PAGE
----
• Open Access

Outlook for benefits of sediment microbial fuel cells with two bio-electrodes

Authors

  • Liesje De Schamphelaire,

    1. Laboratory of Microbial Ecology and Technology (LabMET), Ghent University, Coupure Links 653, B-9000 Ghent, Belgium.
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  • Korneel Rabaey,

    1. Advanced Water Management Centre, The University of Queensland, St Lucia, QLD 4072, Australia.
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  • Pascal Boeckx,

    1. Laboratory of Applied Physical Chemistry (ISOFYS), Ghent University, Coupure Links 653, B-9000 Ghent, Belgium.
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  • Nico Boon,

    1. Laboratory of Microbial Ecology and Technology (LabMET), Ghent University, Coupure Links 653, B-9000 Ghent, Belgium.
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  • Willy Verstraete

    Corresponding author
    1. Laboratory of Microbial Ecology and Technology (LabMET), Ghent University, Coupure Links 653, B-9000 Ghent, Belgium.
      *E-mail willy.verstraete@ugent.be; Tel. (+32) 9 264 59 76; Fax. (+32) 9 264 62 48.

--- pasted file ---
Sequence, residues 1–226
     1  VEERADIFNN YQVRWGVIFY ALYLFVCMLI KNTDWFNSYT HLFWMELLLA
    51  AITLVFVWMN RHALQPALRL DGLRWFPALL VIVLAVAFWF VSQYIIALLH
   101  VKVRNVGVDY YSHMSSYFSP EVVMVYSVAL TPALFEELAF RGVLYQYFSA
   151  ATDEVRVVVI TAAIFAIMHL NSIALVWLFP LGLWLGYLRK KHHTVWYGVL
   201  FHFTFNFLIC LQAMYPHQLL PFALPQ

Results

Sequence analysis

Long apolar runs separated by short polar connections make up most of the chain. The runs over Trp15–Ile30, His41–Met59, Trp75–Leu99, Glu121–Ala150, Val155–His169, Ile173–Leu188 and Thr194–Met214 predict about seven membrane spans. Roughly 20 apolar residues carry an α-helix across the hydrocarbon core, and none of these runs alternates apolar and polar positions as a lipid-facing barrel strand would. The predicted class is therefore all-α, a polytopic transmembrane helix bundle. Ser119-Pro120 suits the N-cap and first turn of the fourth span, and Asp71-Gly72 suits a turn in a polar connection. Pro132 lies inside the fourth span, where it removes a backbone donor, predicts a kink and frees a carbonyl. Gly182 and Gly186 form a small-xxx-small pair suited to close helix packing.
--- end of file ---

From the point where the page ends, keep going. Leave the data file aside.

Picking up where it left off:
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*E-mail willy.verstraete@ugent.be; Tel. (+32) 9 264 59 76; Fax. (+32) 9 264 62 48.

Summary

The benefits of sediment microbial fuel cells (SMFCs) go beyond energy generation for low-power applications. Aside from producing electrical energy, SMFCs can enhance the oxidation of reduced compounds at the anode, thus bringing about the removal of excessive or unwanted reducing equivalents from submerged soils. Moreover, an SMFC could be applied to control redox-dependent processes in sediment layers. Several cathodic reactions that may drive these sediment oxidation reactions are examined. Special attention is given to two biologically mediated cathodic reactions, respectively employing an oxygen reduction and a manganese cycle. Both reactions imply a low cost and a high electrode potential and are of interest for reactor-type MFCs as well as for SMFCs.

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